Foreword

Next, we went into collection learning. After reading a lot of articles, it was very boring to explain the principles. Any mature solution appears to solve the problem. If you introduce it through actual problems and then explain the original ideal, you must learn more with less effort. From me From the day I wrote the blog, I was thinking about how to make the children’s shoes that read the article understand what I was explaining in an easy-to-understand way. Even if the article is long, it will not feel boring if it is progressively layered, so my mind Here is constantly turning at height to find a suitable example. The set learning will be divided into three parts: example introduction, source code analysis and data structure analysis.

Getting Started with Collections

Let ’s take an example to introduce the assembly. When we go to school, we take physical education classes. First, the physical education teacher will ask us how many students stand in pairs to register, and then they are free to dissolve and rest, haha. The physical education teacher asked us to stand in pairs. At this time, it is good to store data in the array. We assume that the physical education teacher needs 5 people to stand in pairs, so this also corresponds to the capacity of the array initialization. After having the capacity, the next step is to The required place is at the specified position, which is like adding elements to the array. Now we will implement this requirement in Java. First we define a queuing class. According to the idea of ​​object-oriented encapsulation, we provide external operation methods, so in this class, we define private arrays, and then define the number of elements in the collection, as follows:

 

 

public  class QueueDemo {

    private  int Size;

    private Integer [] Elements;

}

 

 

According to our analysis, we stand in pairs of 5 people, so when we initialize the queue class, we initialize the array capacity, that is, we initialize the capacity in the constructor, as follows:

 

 

public  class QueueDemo {

    // array size 
    private  int Size;

    // Array 
    private Integer [] Elements;
    
    // Initialize array capacity 
    public QueueDemo ( int capacity) {
        Elements = new Integer [capacity];
    }

}

 

 

After we initialize the capacity, the next step is to start queuing for the corresponding students. At this time, it is corresponding to add elements to the array, so we encapsulate a method of adding, and the size of the array is incremented by 1, as follows:

    // Add element 
    public  void Add (Integer element) {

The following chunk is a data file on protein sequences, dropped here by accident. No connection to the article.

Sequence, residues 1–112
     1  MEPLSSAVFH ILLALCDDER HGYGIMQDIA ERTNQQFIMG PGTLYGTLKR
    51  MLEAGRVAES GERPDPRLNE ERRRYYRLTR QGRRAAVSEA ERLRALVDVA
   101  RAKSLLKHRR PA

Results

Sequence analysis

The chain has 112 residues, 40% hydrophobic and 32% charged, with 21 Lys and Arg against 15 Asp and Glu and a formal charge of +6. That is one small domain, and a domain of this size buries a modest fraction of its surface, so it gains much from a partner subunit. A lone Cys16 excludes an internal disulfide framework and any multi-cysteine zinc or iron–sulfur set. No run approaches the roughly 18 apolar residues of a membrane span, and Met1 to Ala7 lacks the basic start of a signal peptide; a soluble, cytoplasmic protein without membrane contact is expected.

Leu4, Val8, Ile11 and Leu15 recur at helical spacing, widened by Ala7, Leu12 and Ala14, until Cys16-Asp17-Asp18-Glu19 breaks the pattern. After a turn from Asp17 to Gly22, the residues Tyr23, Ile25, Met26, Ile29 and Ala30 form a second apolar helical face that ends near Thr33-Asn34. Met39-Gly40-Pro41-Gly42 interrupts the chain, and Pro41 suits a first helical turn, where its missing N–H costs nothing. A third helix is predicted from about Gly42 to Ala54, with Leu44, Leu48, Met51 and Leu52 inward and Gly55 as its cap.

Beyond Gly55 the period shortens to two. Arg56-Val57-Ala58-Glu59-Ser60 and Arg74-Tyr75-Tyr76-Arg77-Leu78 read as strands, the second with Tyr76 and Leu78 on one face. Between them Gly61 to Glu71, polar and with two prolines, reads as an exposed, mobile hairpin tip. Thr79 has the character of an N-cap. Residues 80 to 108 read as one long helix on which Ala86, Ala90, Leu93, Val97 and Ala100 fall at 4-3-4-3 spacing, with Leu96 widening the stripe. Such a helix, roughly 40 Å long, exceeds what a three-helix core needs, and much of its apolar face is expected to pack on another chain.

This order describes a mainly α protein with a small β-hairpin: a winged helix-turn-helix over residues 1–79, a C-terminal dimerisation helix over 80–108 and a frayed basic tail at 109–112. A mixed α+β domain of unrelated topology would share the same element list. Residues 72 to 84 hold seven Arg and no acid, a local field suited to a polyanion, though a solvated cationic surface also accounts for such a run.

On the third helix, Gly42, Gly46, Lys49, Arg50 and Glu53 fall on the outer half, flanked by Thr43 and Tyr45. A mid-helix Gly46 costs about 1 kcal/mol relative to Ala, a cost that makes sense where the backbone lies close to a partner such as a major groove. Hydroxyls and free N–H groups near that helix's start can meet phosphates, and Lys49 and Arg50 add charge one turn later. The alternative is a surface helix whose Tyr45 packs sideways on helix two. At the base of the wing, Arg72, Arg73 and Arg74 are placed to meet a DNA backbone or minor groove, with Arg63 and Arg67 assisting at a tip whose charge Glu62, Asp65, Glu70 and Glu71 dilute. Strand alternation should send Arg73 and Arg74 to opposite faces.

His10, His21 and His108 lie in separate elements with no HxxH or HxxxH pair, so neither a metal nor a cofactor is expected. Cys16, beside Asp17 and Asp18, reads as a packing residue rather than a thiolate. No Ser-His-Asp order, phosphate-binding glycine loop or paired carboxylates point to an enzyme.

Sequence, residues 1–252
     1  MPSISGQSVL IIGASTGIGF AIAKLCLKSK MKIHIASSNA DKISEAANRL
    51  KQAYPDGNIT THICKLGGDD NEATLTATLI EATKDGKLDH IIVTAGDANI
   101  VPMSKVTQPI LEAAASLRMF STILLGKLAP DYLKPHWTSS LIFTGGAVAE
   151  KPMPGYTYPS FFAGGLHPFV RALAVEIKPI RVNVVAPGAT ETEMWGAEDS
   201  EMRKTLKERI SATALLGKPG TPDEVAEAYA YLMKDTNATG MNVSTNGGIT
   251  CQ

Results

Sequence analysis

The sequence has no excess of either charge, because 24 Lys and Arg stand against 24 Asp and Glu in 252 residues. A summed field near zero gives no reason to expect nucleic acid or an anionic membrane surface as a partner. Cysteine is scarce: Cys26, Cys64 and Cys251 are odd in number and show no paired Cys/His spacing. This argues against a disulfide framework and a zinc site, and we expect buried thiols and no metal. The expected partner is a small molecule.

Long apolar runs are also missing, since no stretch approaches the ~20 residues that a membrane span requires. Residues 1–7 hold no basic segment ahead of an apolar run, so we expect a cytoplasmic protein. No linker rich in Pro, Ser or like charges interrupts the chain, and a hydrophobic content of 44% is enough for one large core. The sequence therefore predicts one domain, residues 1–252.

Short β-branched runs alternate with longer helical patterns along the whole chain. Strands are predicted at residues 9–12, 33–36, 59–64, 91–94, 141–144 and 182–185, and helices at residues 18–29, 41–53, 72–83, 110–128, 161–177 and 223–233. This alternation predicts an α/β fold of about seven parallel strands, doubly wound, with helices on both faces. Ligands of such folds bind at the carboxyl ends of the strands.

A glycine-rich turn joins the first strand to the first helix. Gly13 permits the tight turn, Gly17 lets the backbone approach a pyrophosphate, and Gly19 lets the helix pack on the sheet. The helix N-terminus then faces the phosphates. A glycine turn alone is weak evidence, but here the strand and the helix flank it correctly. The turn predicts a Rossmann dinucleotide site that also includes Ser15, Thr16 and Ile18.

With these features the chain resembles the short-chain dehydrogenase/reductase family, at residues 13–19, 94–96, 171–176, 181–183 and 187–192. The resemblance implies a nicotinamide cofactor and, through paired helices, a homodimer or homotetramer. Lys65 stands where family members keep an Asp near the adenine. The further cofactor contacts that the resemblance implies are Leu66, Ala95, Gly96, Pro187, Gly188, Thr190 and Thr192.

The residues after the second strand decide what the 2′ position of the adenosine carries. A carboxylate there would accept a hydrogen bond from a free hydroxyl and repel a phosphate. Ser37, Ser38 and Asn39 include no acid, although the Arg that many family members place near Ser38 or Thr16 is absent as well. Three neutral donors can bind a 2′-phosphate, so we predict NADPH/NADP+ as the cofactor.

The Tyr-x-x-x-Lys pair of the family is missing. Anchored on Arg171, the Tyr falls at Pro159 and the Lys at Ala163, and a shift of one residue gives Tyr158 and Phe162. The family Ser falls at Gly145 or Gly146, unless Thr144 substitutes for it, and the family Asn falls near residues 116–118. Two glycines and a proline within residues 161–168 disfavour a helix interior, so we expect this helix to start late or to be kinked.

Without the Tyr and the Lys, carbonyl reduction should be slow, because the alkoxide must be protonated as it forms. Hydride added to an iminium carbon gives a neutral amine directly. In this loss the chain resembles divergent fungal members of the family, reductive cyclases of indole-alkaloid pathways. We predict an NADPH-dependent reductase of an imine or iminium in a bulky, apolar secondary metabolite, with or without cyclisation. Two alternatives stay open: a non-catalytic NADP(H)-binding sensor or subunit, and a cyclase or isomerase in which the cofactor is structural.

Elements [Size] = element;
        Size ++ ;
    }

For each step, we loop through and print out the elements in the array, so next we override the toString method, as follows:

 

 

  // Override toString print element 
    @Override
     public String toString () {
         int length = Elements.length;
        StringBuilder sb = new StringBuilder ();
        sb.append ( "[" );
         for ( int i = 0; i <length; i ++ ) {
            sb.append (Elements [i]);
            if (i! = length-1 ) {
                sb.append ( "," );
            }
        }
        return sb.toString ();
    }

 

 

We have completed the first step of class queuing. Next, we instantiate the above queuing class and add elements (we consider the elements as the names of the students when queuing), and finally print the elements, as follows:

 

 

public  class Main {

    public  static  void main (String [] args) {
        QueueDemo demo = new QueueDemo (5 );
        demo.Add ( 1 );
        demo.Add ( 2 );
        demo.Add ( 3 );
        demo.Add ( 4 );
        demo.Add ( 5 );
        System.out.println (demo);
    }
}

 

 

When the students lined up, the physical education teacher found that the students in the queue were of different heights, and then exchanged between the students and students according to the height. This also corresponds to the method we need to encapsulate the inserted elements, because we initialize the array capacity as 5. When we insert an element at the specified index, reprinting the element will necessarily throw an array exception, which involves expanding the capacity of the array. We will temporarily define the method of inserting the element at the specified index, as follows:

public  void Insert ( int index, Integer element) {
        
}

After arranging the teams according to the height, the physical education teacher thinks that only 4 people need to be arranged in one column, and the remaining one goes to the other pairs. This also corresponds to deleting the elements in the array. Similarly, we define the deletion method. The elements after the deleted elements need to be moved forward by one, and the last position is empty, and the size of the array is reduced by one, as follows:

 

 

// Remove element 
public  void Remove (Integer element) {
         int index = GetIndex (element);
         for ( int i = index; i <Elements.length-1; i ++ ) {
            Elements [i] = Elements [i + 1 ];
        }
        Elements [Size -1] = null ;
        Size - ;
}

 

 

Next let’s delete and print the elements, as follows:

        // Remove element 
        demo.Remove (3 );
        System.out.println (demo);

Java_enrty_series_[6]_Principles_of_dynamic_array_0.png

Because we set the last element of the array to empty, it should be deleted when printing, and we continue to rewrite the toString method rewritten as follows:

 

 

    @Override
     public String toString () {
         int length = Elements.length;
        StringBuilder sb = new StringBuilder ();
        sb.append ( "[" );
         for ( int i = 0; i <length; i ++ ) {
             if (Elements [i] == null) {
                continue ;
            }
            sb.append (Elements [i]);
            if (i! = length-1 ) {
                sb.append ( "," );
            }
        }
        if (sb.charAt (sb.length ()-1) == ',') {
            sb.delete (sb.length ()-1 , sb.length ());
        } 
        sb.append ( "]" );
         return sb.toString ();
    }

 

 

Java_enrty_series_[6]_Principles_of_dynamic_array_1.png

Next, the physical education teacher asked for the count. For example, according to the name of the classmate, that is, the number of the element (which corresponds to the index in the array), so at this time we encapsulate a method to get the specified element, as follows :